The Fed’s theory on what motivates consumers to spend money presupposes our willingness to take on debt. Cheaper debt increases demand for loans, which in turnrn spurs consumer spending.
But what happens when consumers are no longer willing to take on debt? The whole theory simply falls apart.
Debt, pure and simple, is an obligation. And amidst tough economic times, many consumers today view debt as the proverbial “ball and chain.”
So think of it as a conversation, like this…
Fed: “How much will you pay to wear this ball and chain?”
Fed: “I’ll give it to you for FREE!”
Consumer: “Don’t want it.”
For the set of consumers who are absolutely unwilling to take on additional debt – even if it’s free – there’s another model that may explain consumer spending better. In general terms it goes like this:
“If I have it, I spent it… if I don’t, I won’t.”
Tracking the degree of excess, discretionary income consumers have might just be a better way to predict economy-wide spending patternrns.
One way of judging excess discretionary wealth is with the Vice Index that Andrew Zatlin of SouthBay Research compiled.
He tracks how much money people spend on gambling and escorts. And here’s how well the Vice Index tracks the Personal Consumption Expenditures (PCE) data published by the Bureau of Economic Analysis.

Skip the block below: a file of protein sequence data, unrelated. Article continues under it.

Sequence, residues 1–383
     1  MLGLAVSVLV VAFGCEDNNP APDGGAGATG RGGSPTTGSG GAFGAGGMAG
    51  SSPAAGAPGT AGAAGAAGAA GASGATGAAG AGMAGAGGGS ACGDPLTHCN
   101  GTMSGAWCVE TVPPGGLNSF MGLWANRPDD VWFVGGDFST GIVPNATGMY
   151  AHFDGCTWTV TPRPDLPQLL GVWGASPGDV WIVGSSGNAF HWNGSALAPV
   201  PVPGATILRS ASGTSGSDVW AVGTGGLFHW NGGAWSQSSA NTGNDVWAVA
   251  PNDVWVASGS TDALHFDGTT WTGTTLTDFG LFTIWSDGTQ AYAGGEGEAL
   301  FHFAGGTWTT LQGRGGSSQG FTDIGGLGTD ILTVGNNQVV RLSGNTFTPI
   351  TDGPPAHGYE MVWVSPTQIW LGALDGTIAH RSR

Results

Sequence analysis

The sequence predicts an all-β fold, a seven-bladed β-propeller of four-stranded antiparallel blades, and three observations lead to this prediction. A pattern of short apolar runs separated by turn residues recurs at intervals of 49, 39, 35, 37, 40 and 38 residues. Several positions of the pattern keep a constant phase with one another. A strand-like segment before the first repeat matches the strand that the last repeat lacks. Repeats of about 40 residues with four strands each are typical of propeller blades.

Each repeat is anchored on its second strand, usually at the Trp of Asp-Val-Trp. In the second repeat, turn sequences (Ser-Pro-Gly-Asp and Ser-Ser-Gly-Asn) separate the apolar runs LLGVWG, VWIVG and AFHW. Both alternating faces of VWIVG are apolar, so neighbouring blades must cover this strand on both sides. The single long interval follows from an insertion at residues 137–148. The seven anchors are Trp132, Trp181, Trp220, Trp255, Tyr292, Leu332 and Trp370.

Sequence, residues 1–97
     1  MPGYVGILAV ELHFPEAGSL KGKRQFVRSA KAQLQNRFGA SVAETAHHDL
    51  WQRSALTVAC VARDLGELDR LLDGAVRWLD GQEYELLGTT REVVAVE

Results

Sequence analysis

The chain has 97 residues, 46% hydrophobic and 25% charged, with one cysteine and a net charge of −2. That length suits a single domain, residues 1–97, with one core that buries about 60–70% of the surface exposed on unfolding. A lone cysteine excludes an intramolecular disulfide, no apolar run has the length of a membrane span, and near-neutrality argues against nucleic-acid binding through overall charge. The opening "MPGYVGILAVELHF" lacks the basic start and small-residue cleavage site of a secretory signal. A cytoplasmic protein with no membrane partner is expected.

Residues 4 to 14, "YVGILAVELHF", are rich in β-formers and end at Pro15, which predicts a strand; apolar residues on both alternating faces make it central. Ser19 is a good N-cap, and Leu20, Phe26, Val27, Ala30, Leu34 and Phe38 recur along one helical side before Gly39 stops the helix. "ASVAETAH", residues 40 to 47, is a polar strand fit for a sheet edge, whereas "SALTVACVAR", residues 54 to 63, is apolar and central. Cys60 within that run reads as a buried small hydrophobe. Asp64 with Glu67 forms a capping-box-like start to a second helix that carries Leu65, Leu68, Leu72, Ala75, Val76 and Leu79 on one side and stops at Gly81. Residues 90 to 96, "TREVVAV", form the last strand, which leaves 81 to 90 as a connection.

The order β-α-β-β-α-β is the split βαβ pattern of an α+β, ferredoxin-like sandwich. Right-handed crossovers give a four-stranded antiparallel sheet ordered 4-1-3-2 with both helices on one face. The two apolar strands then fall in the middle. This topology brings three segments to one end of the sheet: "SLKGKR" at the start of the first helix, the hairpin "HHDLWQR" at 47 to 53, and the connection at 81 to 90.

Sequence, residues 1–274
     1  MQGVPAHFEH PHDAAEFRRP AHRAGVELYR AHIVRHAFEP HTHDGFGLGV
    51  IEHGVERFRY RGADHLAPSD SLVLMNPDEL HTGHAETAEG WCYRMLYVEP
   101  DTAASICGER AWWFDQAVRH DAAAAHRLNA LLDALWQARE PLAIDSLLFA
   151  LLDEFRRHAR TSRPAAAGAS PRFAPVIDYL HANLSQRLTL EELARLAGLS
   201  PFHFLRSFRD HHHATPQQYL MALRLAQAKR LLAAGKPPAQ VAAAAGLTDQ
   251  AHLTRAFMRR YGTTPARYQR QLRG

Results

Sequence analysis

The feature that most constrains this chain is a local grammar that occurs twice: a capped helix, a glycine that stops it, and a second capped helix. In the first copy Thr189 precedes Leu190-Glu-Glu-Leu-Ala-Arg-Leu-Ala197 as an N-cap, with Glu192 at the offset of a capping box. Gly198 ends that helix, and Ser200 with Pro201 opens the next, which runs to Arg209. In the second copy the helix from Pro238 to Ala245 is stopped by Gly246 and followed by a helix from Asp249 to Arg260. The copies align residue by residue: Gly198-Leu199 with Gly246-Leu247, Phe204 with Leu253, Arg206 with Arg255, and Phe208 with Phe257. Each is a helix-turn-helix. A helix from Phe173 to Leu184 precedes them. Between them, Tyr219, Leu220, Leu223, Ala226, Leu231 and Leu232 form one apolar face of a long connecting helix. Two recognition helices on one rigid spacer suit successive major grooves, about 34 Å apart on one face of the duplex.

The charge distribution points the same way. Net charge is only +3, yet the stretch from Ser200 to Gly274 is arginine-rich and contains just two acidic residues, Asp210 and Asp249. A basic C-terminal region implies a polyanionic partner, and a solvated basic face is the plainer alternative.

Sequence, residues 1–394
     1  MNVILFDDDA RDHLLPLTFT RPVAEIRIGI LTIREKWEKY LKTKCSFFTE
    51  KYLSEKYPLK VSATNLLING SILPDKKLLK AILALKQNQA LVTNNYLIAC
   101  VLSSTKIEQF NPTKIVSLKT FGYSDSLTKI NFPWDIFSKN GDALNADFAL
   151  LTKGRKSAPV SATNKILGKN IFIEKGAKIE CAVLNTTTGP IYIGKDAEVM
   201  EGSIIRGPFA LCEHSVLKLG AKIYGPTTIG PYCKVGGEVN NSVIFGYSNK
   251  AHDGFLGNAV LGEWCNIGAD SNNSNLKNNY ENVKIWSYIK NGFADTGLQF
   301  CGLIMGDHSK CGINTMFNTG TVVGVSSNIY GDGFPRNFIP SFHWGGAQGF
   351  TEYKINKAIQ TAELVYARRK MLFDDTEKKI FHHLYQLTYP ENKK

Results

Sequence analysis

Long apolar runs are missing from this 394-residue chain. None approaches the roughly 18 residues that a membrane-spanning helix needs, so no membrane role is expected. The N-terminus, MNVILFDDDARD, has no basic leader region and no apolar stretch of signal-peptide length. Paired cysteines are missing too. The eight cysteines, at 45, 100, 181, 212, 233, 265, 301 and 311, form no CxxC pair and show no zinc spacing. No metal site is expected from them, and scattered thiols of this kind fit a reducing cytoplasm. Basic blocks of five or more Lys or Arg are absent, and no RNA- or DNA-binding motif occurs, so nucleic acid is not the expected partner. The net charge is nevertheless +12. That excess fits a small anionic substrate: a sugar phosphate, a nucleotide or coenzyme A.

Pretty remarkable, right!
86% of the data in the Bureau’s PCE report can be predicted based on data from the Vice Index. What’s more, and of particular interest to investors – who can’t profit from delayed data – the Vice Index provides a four-month lead to changes in PCE.
That gives investors more than a full quarter to make adjustments to their portfolios, based on the level of consumer spending we can expect four months into the future. That’s immensely valuable.
Right now, the Vice Index is hovering around the zero line. But if the downward trend continues over the next few months, it could provide an early warnrning sign that consumers are running low on excess discretionary income.
I’ll give you an update on this index around the end of the year.